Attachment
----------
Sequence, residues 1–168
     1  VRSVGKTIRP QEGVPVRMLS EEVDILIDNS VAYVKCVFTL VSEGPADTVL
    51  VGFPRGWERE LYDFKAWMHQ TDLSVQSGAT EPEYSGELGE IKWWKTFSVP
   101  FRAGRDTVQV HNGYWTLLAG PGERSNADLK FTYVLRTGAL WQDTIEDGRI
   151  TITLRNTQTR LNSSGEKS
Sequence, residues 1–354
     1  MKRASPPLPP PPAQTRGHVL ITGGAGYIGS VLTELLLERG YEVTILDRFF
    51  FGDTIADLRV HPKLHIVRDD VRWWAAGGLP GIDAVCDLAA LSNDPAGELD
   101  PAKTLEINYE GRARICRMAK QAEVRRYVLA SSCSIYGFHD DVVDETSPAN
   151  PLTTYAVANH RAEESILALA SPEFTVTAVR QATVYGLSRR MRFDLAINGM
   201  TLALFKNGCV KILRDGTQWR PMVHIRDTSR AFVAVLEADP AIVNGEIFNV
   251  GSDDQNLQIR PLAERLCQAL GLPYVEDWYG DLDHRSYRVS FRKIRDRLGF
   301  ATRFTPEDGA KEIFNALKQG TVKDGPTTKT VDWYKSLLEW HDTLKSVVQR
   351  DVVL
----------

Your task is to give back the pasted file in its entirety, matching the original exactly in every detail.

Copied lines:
Sequence, residues 1–168
     1  VRSVGKTIRP QEGVPVRMLS EEVDILIDNS VAYVKCVFTL VSEGPADTVL
    51  VGFPRGWERE LYDFKAWMHQ TDLSVQSGAT EPEYSGELGE IKWWKTFSVP
   101  FRAGRDTVQV HNGYWTLLAG PGERSNADLK FTYVLRTGAL WQDTIEDGRI
   151  TITLRNTQTR LNSSGEKS
Sequence, residues 1–354
     1  MKRASPPLPP PPAQTRGHVL ITGGAGYIGS VLTELLLERG YEVTILDRFF
    51  FGDTIADLRV HPKLHIVRDD VRWWAAGGLP GIDAVCDLAA LSNDPAGELD
   101  PAKTLEINYE GRARICRMAK QAEVRRYVLA SSCSIYGFHD DVVDETSPAN
   151  PLTTYAVANH RAEESILALA SPEFTVTAVR QATVYGLSRR MRFDLAINGM
   201  TLALFKNGCV KILRDGTQWR PMVHIRDTSR AFVAVLEADP AIVNGEIFNV
   251  GSDDQNLQIR PLAERLCQAL GLPYVEDWYG DLDHRSYRVS FRKIRDRLGF
   301  ATRFTPEDGA KEIFNALKQG TVKDGPTTKT VDWYKSLLEW HDTLKSVVQR
   351  DVVL